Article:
This salad, or at least a variation of it, has been a solid staple of mine for the past few years. I’ve made it several times for Thanksgiving, and when I tell people what it is, they politely say, “uhh, thanks, but no thanks.” On a day devoted to gorging on rich and heavy foods, the words “raw,” “kale” and “salad” are usually not very well received.
A few brave souls, lured by the words “bacon” and “sharp cheddar,” reluctantly dish a little bit onto their plates. Within minutes, word starts spreading around the table that, hey! This stuff is actually pretty good. By the end of the night, everyone is asking for the recipe, and I fancy myself a bit of a mic-drop / go-on-and-brush-your-shoulders-off moment.
Problem is, I never actually wrote the recipe down, and of course, every time I made it I did something a little bit different. Sometimes I’d use only kale or brussels sprouts rather than both. Sometimes I would use walnuts instead of pecans or dried cherries instead of cranberries. Sometimes I used garlic instead of shallot in the dressing, with a different vinegar or a whole grain mustard. Sometimes I’d use a different cheese, and in fact, aged gouda and Prima Donna work exceptionally well (but they’re a whole lot pricier than sharp cheddar). Sometimes I’d leave out the bacon or add different veggies like carrots, beets, or roasted squash.
Over the years, every time someone asked me for the recipe, I’ve had to try and remember exactly how I made it on the day they had it. I’d text them an awkwardly long and rambling list of ingredients and steps, often referencing this recipe and this recipe. It’s sort of a combination of the two, but also kind of it’s own thing entirely, which only serves to confuse people further. But now, the recipe is here to live for all of eternity, making both my and everyone else’s life a little bit easier.
Oh, in case you were wondering… no. Despite all these cute baby pumpkins in the pictures, this salad does not actually contain any pumpkin. I was just having so much fun styling and photographing these teeny little pumpkins that day for other recipes and got a little carried away. I love the way that glowing orange shows up in photos and makes everything seem a bit more fall-like.
I should mention that I recently bought a new camera. Well, it’s actually a used camera, but it’s new to me and very, very exciting. I’m now shooting with a Canon Mark D 5 III – for any photography geeks reading – and it was actually one of the very cameras used to photograph my wedding(!!). So far I’ve been having wayyy too much fun taking pictures with it. Shooting with a full frame camera is an absolute game changer.
Even though this particular recipe doesn’t contain any pumpkin, squash or other veggies, it can totally be adapted to include some. I’ve especially enjoyed it with roasted squash lately. The recipe is so forgiving, I really encourage you to tweak it to suit your tastes and make it your own. You can’t go wrong.
This salad is packed with flavor and is such a welcome addition to the Thanksgiving spread. Among the stuffing, mashed potatoes, and gravy, it’s nice to have something that’s refreshing, crunchy and loaded with nutrient-packed raw vegetables. But even with all that healthy stuff going on, it still has the muscle to stand up to all the other indulgent and decadent foods on offer. It’s a salad for people who think they don’t like salad, and this year it might just be the most popular dish on your table.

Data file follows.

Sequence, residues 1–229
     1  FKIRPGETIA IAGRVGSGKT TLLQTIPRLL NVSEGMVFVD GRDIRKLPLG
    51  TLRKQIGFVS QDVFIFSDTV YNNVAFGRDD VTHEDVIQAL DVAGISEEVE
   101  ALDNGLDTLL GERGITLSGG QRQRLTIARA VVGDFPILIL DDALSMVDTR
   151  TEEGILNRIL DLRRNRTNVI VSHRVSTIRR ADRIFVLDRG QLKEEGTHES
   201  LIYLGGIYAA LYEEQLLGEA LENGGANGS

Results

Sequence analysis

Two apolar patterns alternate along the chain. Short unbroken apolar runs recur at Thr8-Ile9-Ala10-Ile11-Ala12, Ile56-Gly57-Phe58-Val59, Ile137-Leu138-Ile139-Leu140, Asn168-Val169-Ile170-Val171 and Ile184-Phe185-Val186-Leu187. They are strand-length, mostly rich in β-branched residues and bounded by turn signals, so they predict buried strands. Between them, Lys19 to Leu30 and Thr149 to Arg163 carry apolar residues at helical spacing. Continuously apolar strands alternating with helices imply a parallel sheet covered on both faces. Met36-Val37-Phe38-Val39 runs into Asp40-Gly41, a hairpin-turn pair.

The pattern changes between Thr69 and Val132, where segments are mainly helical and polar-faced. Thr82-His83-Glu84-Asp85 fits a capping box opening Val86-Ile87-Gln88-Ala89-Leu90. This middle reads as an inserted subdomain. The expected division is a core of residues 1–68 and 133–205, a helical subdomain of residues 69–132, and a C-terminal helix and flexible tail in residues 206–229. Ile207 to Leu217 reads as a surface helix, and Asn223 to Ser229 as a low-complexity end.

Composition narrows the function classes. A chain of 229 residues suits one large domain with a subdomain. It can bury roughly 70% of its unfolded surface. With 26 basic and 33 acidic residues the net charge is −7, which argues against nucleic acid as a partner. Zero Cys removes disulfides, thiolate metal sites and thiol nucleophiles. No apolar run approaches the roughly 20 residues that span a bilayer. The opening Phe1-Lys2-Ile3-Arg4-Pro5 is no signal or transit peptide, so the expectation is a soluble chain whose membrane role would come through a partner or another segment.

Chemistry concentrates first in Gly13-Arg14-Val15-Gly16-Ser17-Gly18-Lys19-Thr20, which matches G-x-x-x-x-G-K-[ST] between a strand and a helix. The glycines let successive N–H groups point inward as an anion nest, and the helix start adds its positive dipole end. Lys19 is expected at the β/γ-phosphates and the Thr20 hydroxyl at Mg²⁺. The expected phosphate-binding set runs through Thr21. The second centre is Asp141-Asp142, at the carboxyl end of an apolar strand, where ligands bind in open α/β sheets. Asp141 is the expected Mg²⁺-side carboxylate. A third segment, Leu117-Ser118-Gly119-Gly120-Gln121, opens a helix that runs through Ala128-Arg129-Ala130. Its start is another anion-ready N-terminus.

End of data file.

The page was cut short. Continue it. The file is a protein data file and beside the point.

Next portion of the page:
One Year Ago: Fennel + Onion Gratin
- 1 lb brussels sprouts
- 1 large bunch kale, any variety
- a glug of olive oil
- generous pinch of salt
- 1 granny smith apple, julienned
- 1/3 cup pecans, toasted and roughly chopped
- 1/4 cup dried cranberries
- 6 ounces extra sharp cheddar cheese, cut into small pieces
- 5 strips of bacon, cooked and crumbled, bacon fat reserved
- FOR THE VINAIGRETTE
- 1 small shallot, minced
- 2 tablespoons apple cider vinegar
- 1 tablespoon Dijon mustard
- 2 teaspoons honey
- salt + freshly cracked pepper to taste
- 1/4 cup extra virgin olive oil
- reserved bacon fat (warmed up to liquify if solid)
- Clean and remove any brown or yellow leaves from the brussels sprouts. Use a mandolin to slice them very thin (alternatively, you can do this with a knife, but a mandolin makes the job much easier), then add them to a bowl.
- Remove the tough stems from the kale, then stack the leaves and roll them up like a cigar. Run your knife through them to make nice, thin ribbons, then add them to the bowl with the brussels sprouts.
- Drizzle with olive oil, sprinkle with salt, then use clean hands to squeeze and massage the greens until they're fully coated with oil and have reduced a bit in volume. Add the julienned apple, toasted pecans, dried cranberries, cheddar cheese, and bacon.
- In a small bowl, whisk together the shallot, apple cider vinegar, Dijon mustard, honey, salt and pepper. Slowly stream in the olive oil and bacon fat while whisking until the vinaigrette is emulsified. Taste and adjust seasoning as needed.
- Pour the vinaigrette over the salad and toss until everything is thoroughly combined. Serve immediately.
- This recipe is still great without the bacon and can easily be made without it if there are vegetarians in the crowd.
- Make the vinaigrette up to 3 days ahead and store in a jar, refrigerated. Bring up to room temperature and warm up slightly before using (to liquify bacon fat).
- Toast and chop pecans up to 3 days ahead. Store in a zip-top bag at room temperature.
- Cut the cheese into cubes up to 3 days ahead. Store in a zip-top bag in the refrigerator.
- Cook and crumble the bacon up to 3 days ahead. Store in a zip-top bag in the refrigerator.
- The kale and brussels sprouts can be shredded the night before. Massage right before serving.